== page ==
Follow Crossfade on Facebook and Twitter @Crossfade_SFL.

Keep Miami New Times Free... Since we started Miami New Times, it has been defined as the free, independent voice of Miami, and we would like to keep it that way. Offering our readers free access to incisive coverage of local news, food and culture. Producing stories on everything from political scandals to the hottest new bands, with gutsy reporting, stylish writing, and staffers who've won everything from the Society of Professional Journalists' Sigma Delta Chi feature-writing award to the Casey Medal for Meritorious Journalism. But with local journalism's existence under siege and advertising revenue setbacks having a larger impact, it is important now more than ever for us to rally support behind funding our local journalism. You can help by participating in our "I Support" membership program, allowing us to keep covering Miami with no paywalls.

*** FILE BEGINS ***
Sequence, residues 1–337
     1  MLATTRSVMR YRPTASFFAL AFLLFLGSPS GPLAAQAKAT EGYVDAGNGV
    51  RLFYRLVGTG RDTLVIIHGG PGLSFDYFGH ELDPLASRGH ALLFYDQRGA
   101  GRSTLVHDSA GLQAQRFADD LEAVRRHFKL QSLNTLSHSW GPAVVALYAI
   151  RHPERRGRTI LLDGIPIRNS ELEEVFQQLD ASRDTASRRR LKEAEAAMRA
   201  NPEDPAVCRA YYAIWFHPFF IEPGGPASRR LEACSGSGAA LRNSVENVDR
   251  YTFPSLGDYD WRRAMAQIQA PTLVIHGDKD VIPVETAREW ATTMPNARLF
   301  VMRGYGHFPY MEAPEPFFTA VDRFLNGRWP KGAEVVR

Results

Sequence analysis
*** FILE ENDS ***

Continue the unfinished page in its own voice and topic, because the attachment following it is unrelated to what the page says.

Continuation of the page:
We use cookies to collect and analyze information on site performance and usage, and to enhance and customize content and advertisements. By clicking 'X' or continuing to use the site, you agree to allow cookies to be placed. To find out more, visit our cookies policy and our privacy policy.


Join the New Times community and help support independent local journalism in Miami.


Join the New Times community and help support independent local journalism in Miami.